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Tour group on ASIC list

THE Australian Securities and Investments Commission has credited its insolvent trading program with seven Western Australian companies, including Feature Tours, going into voluntary administration.

The program has also led to 44 other companies taking remedial steps, such as recapitalising or restructuring, to head off looming financial problems.

In Perth last week, ASIC’s executive director public and commercial services, Mark Drysdale, said the aim of the program was to focus company directors on the solvency of their business and to make them aware of their responsibilities to avoid insolvent trading.

The program was also designed to prompt companies to take early remedial action if they are under financial pressure.

The insolvent trading program has been running nationally for nine months and has resulted in ASIC reviewing 472 companies, including 78 companies in Western Australia.

Mr Drysdale said the program was highly targeted, based on information from creditors, employees and credit reference agencies.

“We get a lot of intelligence on companies that are trading and might be in financial trouble,” he said.

Mr Drysdale said WA companies that appointed an external administrator after an ASIC surveillance visit included high-profile tourism company Feature Tours, live sheep exporter Rachid Fares Enterprises, Butko Transport and Kwik & Swift Co.

The outcomes for some of these companies were vastly different.

Feature Tours, run by former Tourism Council of WA chairman Manny Papadoulis, went from administration into liquidation and sold its business early this year, with unsecured creditors likely to get nothing.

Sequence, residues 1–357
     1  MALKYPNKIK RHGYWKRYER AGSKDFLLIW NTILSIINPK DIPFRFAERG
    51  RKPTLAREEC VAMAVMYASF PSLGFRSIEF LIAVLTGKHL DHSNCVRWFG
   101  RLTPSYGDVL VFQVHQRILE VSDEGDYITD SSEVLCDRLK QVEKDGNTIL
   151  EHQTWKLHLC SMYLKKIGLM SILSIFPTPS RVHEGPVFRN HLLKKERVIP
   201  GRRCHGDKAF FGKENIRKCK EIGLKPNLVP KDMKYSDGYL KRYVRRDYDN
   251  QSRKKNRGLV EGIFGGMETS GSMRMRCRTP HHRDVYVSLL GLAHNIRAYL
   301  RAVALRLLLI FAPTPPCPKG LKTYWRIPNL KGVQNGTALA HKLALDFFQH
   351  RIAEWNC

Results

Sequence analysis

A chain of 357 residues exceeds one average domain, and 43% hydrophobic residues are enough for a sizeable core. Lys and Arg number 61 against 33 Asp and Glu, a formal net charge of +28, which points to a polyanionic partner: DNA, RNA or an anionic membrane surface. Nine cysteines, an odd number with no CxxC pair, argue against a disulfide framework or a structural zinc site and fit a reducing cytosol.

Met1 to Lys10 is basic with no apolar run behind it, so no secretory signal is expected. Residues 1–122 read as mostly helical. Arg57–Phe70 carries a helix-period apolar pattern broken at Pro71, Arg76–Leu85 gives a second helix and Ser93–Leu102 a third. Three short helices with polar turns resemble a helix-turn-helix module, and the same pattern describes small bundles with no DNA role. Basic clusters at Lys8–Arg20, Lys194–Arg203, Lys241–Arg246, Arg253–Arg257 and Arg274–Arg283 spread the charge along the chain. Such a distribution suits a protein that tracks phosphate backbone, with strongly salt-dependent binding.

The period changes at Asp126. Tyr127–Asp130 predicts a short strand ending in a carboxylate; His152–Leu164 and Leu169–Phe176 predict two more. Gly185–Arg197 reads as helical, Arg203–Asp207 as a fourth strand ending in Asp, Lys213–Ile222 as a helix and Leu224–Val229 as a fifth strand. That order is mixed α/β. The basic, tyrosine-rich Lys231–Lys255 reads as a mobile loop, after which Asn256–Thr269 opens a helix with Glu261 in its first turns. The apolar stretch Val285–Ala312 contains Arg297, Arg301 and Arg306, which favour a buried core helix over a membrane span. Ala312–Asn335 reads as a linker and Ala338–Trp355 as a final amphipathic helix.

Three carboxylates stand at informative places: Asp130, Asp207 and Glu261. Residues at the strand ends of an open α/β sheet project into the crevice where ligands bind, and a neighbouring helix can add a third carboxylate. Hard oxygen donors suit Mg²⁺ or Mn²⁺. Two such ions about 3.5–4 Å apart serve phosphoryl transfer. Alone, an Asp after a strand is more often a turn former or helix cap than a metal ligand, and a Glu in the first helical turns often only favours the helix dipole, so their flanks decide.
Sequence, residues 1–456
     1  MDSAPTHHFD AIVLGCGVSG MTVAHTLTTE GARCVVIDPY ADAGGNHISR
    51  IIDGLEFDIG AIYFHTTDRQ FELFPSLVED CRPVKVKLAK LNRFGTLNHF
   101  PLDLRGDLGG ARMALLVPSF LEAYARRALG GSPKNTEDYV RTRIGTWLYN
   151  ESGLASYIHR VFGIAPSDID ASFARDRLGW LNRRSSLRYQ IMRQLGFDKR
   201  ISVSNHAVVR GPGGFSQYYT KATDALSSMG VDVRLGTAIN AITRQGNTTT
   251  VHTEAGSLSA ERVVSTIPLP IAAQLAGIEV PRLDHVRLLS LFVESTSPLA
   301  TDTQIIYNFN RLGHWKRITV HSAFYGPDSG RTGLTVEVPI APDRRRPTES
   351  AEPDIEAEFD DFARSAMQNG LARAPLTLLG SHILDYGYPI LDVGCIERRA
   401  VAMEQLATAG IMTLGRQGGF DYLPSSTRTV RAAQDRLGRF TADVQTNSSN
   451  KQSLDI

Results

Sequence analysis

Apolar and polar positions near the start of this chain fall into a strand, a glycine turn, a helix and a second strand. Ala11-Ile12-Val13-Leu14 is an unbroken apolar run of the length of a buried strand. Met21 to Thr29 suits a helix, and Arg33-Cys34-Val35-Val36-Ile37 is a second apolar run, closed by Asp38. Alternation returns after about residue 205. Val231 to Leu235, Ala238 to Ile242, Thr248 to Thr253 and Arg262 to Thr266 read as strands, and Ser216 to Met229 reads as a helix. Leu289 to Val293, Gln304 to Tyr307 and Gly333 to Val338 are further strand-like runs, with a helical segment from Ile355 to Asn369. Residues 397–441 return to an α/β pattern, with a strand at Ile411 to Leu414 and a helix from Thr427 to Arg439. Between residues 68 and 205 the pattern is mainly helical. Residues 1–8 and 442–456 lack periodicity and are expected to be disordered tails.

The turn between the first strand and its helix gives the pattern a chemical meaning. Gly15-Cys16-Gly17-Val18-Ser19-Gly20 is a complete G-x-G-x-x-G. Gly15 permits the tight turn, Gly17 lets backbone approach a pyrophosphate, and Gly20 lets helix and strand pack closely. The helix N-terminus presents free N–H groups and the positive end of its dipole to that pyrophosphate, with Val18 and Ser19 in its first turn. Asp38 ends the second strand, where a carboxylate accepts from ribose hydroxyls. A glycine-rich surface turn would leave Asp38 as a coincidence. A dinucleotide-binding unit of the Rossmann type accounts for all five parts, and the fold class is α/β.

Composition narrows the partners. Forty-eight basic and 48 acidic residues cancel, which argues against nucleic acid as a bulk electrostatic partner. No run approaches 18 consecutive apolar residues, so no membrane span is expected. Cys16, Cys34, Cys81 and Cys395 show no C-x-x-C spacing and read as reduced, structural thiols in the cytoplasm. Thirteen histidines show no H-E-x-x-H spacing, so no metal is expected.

Mr Papadoulis acknowledged this week he had been ignorant of the voluntary administration process.

“I was ignorant of this area because I never intended to be there,” he said.

“I saw it as the end when in actual fact it can be a solution. I wish they might have come in earlier.”

Mr Papadoulis said administrators should be seen as corporate doctors who could help achieve a turnaround.

In contrast, Butko Transport successfully implemented a restructuring that involved the sale of its long-haul business and a focus on its core brick transport business.

KordaMentha partner Oren Zohar said the Butko directors were once again running the business.

“The key was the directors getting in early and using the voluntary administration process,” he said.

Mr Zohar said ASIC’s intervention was one of the contributing factors to his appointment.  

Mr Drysdale agreed that early action, including the possible appointment of an administrator, would maximise the chances of the company surviving.

“In several cases companies that have sought advice and restructured following ASIC’s visit have significantly improved their financial position,” he said.

ASIC commissioner Professor Berna Collier said company directors in the midst of financial woes “often don’t recognise the situation they are in”.

“Its very hard to make that call if you are a director,” she said.

Remedial action may include preparation of proper financial accounts, to help directors assess the true financial position of their company.

“There is always a correlation between poor accounts and a poor financial position,” Professor Collier said.

ASIC has taken court action against two interstate companies under the insolvent trading program, resulting in the appointment of liquidators.

“ASIC will take steps to wind up companies that are trading while insolvent, where directors fail to act,” Mr Drysdale said.

 

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